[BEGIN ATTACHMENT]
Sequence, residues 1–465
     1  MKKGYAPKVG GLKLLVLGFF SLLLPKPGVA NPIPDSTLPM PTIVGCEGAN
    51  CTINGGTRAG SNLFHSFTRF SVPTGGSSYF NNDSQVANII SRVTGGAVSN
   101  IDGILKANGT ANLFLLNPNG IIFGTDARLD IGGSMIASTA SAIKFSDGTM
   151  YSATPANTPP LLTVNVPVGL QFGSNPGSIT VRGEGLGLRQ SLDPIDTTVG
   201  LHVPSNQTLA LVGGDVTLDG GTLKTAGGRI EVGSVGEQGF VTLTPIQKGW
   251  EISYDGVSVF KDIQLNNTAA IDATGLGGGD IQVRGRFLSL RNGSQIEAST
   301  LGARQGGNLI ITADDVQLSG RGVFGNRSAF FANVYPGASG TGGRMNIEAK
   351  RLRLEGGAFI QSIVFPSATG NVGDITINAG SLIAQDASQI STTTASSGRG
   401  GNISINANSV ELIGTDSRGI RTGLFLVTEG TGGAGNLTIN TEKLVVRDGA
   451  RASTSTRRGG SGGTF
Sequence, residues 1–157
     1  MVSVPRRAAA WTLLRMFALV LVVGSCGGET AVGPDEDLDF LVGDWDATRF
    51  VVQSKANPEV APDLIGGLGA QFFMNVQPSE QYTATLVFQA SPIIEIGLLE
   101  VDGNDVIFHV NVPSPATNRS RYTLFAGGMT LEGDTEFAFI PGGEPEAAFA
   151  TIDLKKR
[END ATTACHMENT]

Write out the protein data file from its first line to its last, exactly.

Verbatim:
Sequence, residues 1–465
     1  MKKGYAPKVG GLKLLVLGFF SLLLPKPGVA NPIPDSTLPM PTIVGCEGAN
    51  CTINGGTRAG SNLFHSFTRF SVPTGGSSYF NNDSQVANII SRVTGGAVSN
   101  IDGILKANGT ANLFLLNPNG IIFGTDARLD IGGSMIASTA SAIKFSDGTM
   151  YSATPANTPP LLTVNVPVGL QFGSNPGSIT VRGEGLGLRQ SLDPIDTTVG
   201  LHVPSNQTLA LVGGDVTLDG GTLKTAGGRI EVGSVGEQGF VTLTPIQKGW
   251  EISYDGVSVF KDIQLNNTAA IDATGLGGGD IQVRGRFLSL RNGSQIEAST
   301  LGARQGGNLI ITADDVQLSG RGVFGNRSAF FANVYPGASG TGGRMNIEAK
   351  RLRLEGGAFI QSIVFPSATG NVGDITINAG SLIAQDASQI STTTASSGRG
   401  GNISINANSV ELIGTDSRGI RTGLFLVTEG TGGAGNLTIN TEKLVVRDGA
   451  RASTSTRRGG SGGTF
Sequence, residues 1–157
     1  MVSVPRRAAA WTLLRMFALV LVVGSCGGET AVGPDEDLDF LVGDWDATRF
    51  VVQSKANPEV APDLIGGLGA QFFMNVQPSE QYTATLVFQA SPIIEIGLLE
   101  VDGNDVIFHV NVPSPATNRS RYTLFAGGMT LEGDTEFAFI PGGEPEAAFA
   151  TIDLKKR